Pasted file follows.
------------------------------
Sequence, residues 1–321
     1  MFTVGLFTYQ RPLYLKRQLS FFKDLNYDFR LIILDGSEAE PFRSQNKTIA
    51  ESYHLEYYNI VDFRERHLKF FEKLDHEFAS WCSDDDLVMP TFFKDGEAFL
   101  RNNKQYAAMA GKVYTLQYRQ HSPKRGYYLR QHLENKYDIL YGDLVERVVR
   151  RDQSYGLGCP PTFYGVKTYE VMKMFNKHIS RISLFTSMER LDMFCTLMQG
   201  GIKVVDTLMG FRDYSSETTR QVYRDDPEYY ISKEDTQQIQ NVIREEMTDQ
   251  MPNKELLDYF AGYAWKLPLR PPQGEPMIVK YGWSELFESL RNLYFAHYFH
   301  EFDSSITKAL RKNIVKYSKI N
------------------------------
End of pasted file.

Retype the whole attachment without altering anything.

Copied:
Sequence, residues 1–321
     1  MFTVGLFTYQ RPLYLKRQLS FFKDLNYDFR LIILDGSEAE PFRSQNKTIA
    51  ESYHLEYYNI VDFRERHLKF FEKLDHEFAS WCSDDDLVMP TFFKDGEAFL
   101  RNNKQYAAMA GKVYTLQYRQ HSPKRGYYLR QHLENKYDIL YGDLVERVVR
   151  RDQSYGLGCP PTFYGVKTYE VMKMFNKHIS RISLFTSMER LDMFCTLMQG
   201  GIKVVDTLMG FRDYSSETTR QVYRDDPEYY ISKEDTQQIQ NVIREEMTDQ
   251  MPNKELLDYF AGYAWKLPLR PPQGEPMIVK YGWSELFESL RNLYFAHYFH
   301  EFDSSITKAL RKNIVKYSKI N